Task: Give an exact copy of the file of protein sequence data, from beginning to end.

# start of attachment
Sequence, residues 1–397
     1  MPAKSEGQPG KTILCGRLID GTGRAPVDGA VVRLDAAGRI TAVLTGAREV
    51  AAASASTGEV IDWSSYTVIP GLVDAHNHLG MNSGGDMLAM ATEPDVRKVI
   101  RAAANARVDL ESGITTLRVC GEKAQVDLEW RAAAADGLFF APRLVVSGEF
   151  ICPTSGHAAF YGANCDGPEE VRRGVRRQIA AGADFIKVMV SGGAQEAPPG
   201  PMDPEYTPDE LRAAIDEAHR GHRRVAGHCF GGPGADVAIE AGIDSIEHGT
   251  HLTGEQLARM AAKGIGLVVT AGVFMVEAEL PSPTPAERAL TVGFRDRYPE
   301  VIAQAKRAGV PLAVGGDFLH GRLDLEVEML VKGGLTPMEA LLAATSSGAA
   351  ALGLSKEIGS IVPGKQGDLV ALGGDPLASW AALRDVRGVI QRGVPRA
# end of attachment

Sequence, residues 1–397
     1  MPAKSEGQPG KTILCGRLID GTGRAPVDGA VVRLDAAGRI TAVLTGAREV
    51  AAASASTGEV IDWSSYTVIP GLVDAHNHLG MNSGGDMLAM ATEPDVRKVI
   101  RAAANARVDL ESGITTLRVC GEKAQVDLEW RAAAADGLFF APRLVVSGEF
   151  ICPTSGHAAF YGANCDGPEE VRRGVRRQIA AGADFIKVMV SGGAQEAPPG
   201  PMDPEYTPDE LRAAIDEAHR GHRRVAGHCF GGPGADVAIE AGIDSIEHGT
   251  HLTGEQLARM AAKGIGLVVT AGVFMVEAEL PSPTPAERAL TVGFRDRYPE
   301  VIAQAKRAGV PLAVGGDFLH GRLDLEVEML VKGGLTPMEA LLAATSSGAA
   351  ALGLSKEIGS IVPGKQGDLV ALGGDPLASW AALRDVRGVI QRGVPRA